A Detroit high school boy's football team had its equipment stolen and its season jeopardized. But through the goodwill of the community and an NFL player, the season will go on. Host Audie Cornish has more.
For 2,000 years, the Dead Sea scrolls were seen by no one. Today, they can be viewed by anyone with access to the Internet. Google and the Israel Museum in Jerusalem teamed up to put high-quality images of the scrolls online. Images of the relics - the oldest known copies of biblical text - went live on the Web last week. Jon Stokes writes about technology for Wired.com. He is also a scholar of biblical history. And he joins us from KALW in San Francisco. Jon Stokes, welcome to the program.
This is WEEKEND EDITION from NPR News. I'm Audie Cornish. The Supreme Court returns to the bench this week after its summer recess. The new term begins tomorrow with some 50 cases on the docket. Several of them deal with hot-button political issues. Joining us for a primer on what to expect is NPR legal affairs correspondent Nina Totenberg. Nina, welcome.
Texas governor Rick Perry spent the last two days in New Hampshire, his first visit since the Republican debate in which he defended a Texas law that allows illegal immigrants to pay in-state tuition at state colleges. As Jon Greenberg reports, Perry faced headwinds among Republican primary voters.
This past week, Bank of America announced plans to charge most of its debit card users $5 a month if they use the card to make purchases. The decision is meant to offset anticipated revenue losses from regulatory changes that took effect on Friday. Democratic Sen. Dick Durbin of Illinois introduced those changes to last year's Dodd-Frank financial reform legislation. Durbin joins host Audie Cornish to explain why he thinks the legislation is important.
The Syrian government is continuing its brutal crackdown against protesters. For much of the past week, there have also been clashes between security forces and armed militants in the central town of Rastan and elsewhere. Most of those resisting the government with arms are thought to be defectors from the Syrian army. Host Audie Cornish talks with NPR's Deb Amos from Beirut, where she has been monitoring the Syrian crisis.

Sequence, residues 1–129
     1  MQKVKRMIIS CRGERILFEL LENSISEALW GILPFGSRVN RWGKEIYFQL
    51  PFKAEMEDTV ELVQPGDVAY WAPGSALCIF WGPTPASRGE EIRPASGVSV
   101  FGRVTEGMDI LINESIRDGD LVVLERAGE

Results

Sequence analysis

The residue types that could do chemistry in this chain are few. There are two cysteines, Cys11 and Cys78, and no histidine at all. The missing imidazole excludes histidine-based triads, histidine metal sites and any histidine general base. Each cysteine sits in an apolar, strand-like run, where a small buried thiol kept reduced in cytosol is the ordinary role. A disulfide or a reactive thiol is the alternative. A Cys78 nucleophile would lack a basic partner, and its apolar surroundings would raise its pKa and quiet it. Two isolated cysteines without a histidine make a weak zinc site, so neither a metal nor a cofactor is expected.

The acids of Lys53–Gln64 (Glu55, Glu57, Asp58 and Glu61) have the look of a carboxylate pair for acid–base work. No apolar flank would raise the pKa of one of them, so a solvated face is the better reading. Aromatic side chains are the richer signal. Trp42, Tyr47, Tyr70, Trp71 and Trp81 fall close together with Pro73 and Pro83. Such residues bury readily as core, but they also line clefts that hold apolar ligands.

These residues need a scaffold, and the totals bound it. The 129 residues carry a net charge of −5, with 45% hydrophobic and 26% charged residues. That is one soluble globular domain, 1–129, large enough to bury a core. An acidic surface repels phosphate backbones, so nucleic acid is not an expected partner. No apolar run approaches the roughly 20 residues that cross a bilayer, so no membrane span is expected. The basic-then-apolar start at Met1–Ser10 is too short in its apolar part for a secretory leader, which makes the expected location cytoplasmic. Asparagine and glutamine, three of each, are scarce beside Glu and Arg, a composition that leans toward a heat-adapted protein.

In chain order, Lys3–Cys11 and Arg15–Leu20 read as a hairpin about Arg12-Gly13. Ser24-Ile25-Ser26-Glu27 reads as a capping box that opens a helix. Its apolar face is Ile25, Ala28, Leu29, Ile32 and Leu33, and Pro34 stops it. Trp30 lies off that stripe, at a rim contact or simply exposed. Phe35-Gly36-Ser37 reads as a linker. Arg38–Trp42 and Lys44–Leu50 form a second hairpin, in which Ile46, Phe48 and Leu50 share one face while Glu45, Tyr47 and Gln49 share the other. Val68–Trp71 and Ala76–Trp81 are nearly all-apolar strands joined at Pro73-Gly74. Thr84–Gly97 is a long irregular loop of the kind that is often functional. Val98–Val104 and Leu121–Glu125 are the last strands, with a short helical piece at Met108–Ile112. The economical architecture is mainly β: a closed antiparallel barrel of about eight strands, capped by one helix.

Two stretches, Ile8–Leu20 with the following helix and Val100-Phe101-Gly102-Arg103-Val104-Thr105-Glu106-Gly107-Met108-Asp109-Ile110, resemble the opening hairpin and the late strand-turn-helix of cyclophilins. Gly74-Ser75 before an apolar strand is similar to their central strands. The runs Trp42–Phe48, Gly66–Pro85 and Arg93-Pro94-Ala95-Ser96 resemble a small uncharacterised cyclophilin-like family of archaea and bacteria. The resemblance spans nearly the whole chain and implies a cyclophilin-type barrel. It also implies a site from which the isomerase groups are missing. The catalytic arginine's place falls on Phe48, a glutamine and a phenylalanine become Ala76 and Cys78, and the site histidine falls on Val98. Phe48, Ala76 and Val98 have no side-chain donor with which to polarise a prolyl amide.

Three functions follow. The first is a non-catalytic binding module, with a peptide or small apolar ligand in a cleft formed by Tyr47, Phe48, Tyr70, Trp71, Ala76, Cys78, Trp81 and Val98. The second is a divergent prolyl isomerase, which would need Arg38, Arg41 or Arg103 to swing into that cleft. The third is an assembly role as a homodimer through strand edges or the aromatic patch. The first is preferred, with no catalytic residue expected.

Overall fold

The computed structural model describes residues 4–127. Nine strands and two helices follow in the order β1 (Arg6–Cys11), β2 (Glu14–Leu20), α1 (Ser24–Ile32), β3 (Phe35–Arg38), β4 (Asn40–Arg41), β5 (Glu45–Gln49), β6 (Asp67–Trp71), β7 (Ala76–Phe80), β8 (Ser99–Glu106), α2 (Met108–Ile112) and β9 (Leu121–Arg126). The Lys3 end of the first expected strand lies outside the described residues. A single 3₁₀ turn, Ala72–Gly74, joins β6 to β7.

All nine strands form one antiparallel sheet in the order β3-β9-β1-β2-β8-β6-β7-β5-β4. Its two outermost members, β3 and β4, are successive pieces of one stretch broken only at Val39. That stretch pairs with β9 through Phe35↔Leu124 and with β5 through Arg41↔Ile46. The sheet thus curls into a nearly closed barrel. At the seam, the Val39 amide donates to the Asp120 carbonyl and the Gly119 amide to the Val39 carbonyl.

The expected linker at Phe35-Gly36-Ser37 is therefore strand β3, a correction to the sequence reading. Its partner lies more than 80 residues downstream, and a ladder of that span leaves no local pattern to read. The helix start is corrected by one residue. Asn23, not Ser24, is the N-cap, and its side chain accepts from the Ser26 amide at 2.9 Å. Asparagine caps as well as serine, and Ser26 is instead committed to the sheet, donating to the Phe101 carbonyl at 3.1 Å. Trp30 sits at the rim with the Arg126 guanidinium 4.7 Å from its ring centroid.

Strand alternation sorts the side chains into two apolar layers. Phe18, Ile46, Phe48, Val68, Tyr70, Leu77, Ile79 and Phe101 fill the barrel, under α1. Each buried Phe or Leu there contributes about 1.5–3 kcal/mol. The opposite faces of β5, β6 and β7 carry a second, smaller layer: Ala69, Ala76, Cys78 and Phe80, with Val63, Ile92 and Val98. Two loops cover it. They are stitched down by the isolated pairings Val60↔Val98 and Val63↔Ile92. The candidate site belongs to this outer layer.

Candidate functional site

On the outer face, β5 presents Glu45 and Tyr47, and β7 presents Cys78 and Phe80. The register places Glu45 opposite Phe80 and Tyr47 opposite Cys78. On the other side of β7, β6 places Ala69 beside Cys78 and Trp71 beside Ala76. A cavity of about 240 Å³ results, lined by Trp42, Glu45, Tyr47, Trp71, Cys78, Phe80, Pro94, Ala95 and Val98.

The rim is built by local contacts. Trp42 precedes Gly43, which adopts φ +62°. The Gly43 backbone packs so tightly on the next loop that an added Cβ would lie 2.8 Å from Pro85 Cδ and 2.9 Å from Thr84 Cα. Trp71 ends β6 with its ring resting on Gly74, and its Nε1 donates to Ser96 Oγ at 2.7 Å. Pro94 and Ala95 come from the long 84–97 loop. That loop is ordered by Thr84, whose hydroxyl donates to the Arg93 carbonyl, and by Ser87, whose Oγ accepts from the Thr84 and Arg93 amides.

New Jersey Gov. Chris Christie delivers remarks during the Perspectives on Leadership Forum in California on Sept. 27. Christie has been in the spotlight recently as a possible presidential candidate.
Credit Kevork Djansezian / Getty Images
As the field of Republican presidential candidates jostle against each other in straw polls and debates, there are rumors that the field is not done growing. This past week, the Republican governor of New Jersey, Chris Christie, was in the spotlight. Headlines were written about his potential to run for the highest office in the land, but in the end, he left things more than ambiguous.
NPR's media correspondent, David Folkenflik, has this advice for journalists: Don't ask political figures if they're running for president.
Detroit is a surprisingly green landscape during the spring and summer months. The site of many houses that are crumbling, boarded up or missing altogether is tempered by community gardens and even some urban farms.
There are some serious urban gardeners in this country, but few can match the agricultural output of Paul Weertz.
"I farm about 10 acres in the city, and alfalfa's my thing. I bale about a thousand bales a year," he says.
On each Sept. 30, the nation wraps up its old budget, and on Oct. 1, it starts a fresh spending cycle. Or at least, that's what is supposed to happen.
But once again, Oct. 1 has come and gone, and the country still has no formal budget in place. Instead, Congress last week approved a stopgap funding bill to keep the government operating temporarily, just as it has done time and again since the 1970s.
This year, the annual budget fight has become especially muddled. That's because Congress and the White House are actually engaged in three different, but related, budget debates that are going on simultaneously.
Ultimately, the three battles involve just one question: How much money should government take in and spend? But the separate tracks involve different time horizons, and each problem has to be resolved in a different way.
Here is a fresh look at the three ongoing budget battles: